Israeli Prime Minister Binyamin Netanyahu demanded on Sunday that the world community constrain Iran to change its “genocidal policy” toward Israel, in the course of a speech in which he attacked President Obama’s current round of negotiations with Iran over its civilian nuclear enrichment program.
JUAN COLE: It appears that a light foam forms on Binyamin Netanyahu’s lips when he begins speaking about Iran. Not all Israeli politicians are like him
JONATHAN COOK: We’re stumbling towards a conclusion with which the Israeli authorities would be very happy – a stalled process with the potential added extra of a Palestinian walkout
An Egyptian delegation heading to Moscow just after the United States cut $300 million out of its aid package to Cairo to punish the July 3 military coup there has raised speculation that Gen. Abdel Fattah al-Sisi’s military junta is shopping for a new superpower patron. In the 1960s at the height of the Cold […]
MONDOWEISS: In an open letter to President Obama a young Pakistani woman welcomes his meeting with Malala but asks about victims of U.S drone strikes
Sectarian divisions fuelling conflict across the Middle East have spilt on to the soccer pitch with Iraq’s decision to boycott the Gulf Cup and the Asian Football Confederation (AFC) warning the Iraqi government not to interfere in the game. It is hard to separate the divisions between Sunni and Shiite Muslims that governments in Bahrain […]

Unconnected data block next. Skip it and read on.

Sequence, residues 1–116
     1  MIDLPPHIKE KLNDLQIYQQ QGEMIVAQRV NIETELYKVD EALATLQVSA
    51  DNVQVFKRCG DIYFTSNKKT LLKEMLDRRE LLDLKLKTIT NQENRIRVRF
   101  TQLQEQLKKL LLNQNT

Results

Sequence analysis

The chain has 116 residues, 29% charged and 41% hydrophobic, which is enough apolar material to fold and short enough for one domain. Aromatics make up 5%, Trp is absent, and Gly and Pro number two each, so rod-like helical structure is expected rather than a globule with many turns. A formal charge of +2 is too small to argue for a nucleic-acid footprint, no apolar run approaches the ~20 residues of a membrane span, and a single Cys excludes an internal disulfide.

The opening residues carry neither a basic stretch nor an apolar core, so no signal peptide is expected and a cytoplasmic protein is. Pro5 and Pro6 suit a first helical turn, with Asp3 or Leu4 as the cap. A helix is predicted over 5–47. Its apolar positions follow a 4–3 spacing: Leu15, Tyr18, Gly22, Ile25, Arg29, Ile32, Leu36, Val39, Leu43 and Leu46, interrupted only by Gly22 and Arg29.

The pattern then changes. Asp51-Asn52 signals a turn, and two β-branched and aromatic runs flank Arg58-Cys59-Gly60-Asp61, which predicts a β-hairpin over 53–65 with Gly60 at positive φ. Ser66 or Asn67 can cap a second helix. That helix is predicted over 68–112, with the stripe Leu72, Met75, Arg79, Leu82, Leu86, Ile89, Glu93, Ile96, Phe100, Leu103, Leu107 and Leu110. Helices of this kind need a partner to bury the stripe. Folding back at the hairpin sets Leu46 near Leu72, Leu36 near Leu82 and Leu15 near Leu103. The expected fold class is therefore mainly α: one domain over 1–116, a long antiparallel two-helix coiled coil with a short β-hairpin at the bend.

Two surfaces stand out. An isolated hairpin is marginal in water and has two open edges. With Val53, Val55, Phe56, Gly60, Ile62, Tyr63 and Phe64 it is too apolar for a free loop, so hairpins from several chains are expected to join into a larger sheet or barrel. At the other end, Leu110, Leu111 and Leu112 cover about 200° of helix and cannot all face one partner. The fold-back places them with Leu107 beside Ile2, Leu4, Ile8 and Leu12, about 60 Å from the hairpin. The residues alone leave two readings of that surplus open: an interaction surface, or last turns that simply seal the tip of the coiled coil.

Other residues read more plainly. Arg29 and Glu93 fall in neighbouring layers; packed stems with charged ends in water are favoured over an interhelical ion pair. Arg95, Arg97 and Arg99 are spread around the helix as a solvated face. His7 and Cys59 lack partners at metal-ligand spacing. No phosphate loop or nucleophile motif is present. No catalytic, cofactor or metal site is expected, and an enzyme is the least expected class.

JAMES DORSEY: They’re trying to maintain a balance but given the fact that the regime is increasingly painting them as Islamists how long can that last?
MONDOWEISS: It’s come to something when Barack Obama has to take a lecture on the evils of ‘exceptionalism’ from, of all people, Vladimir Putin
JUAN COLE: By taking the words of John Kerry and quickly formulating a new policy on Syria Putin has saved Obama from a major political embarrassment
CROSSROADS ARABIA: It’s clear that impatience with Barack Obama’s position on Syria is growing within the Kingdom. So what next?
MONDOWEISS: The Israeli authorities certainly made the most of American R&B singer Alicia Keys recent visit to their country.
MOHAMED EL SAYED, CGNEWS: Whatever your views about what has happened recently in Egypt it’s clear where we need to go from here.
RAMZY BAROUD: It’s a dismal, depressing conclusion to make following events over the past two weeks. But it’s clear what ‘democracy’ means for Egyptians
NADINE EL SAYED: I supported the demonstrations that have helped topple President Morsi but I’m acutely aware of the feelings of his supporters
HANI SHURKALLAH, TABSIR: How could the people of Egypt support the parody of democracy that the Muslim Brotherhood had established?
JUAN COLE: The Muslim Brotherhood faces a choice. If they go one route it could lead Egypt into a period of profound and long-lasting devastation
JUAN COLE: President Morsi has no one to blame but himself. By imposing a ‘Brotherisation’ of Egyptian politics he has forced the opposition onto the streets.
JAMES M. DORSEY: Militant football fans are arguably Egypt’s largest civic group. They’re preparing to confront President Morsi as they previously did Mubarak
JUAN COLE: President Morsi’s called for a no-fly zone over Syria. He is, though, facing a raft of serious issues at home
DANIEL M. VARISCO: For George W. Bush the phrase was ‘Mission Accomplished’. For his successor there could be another phrase that defines his foreign affair policy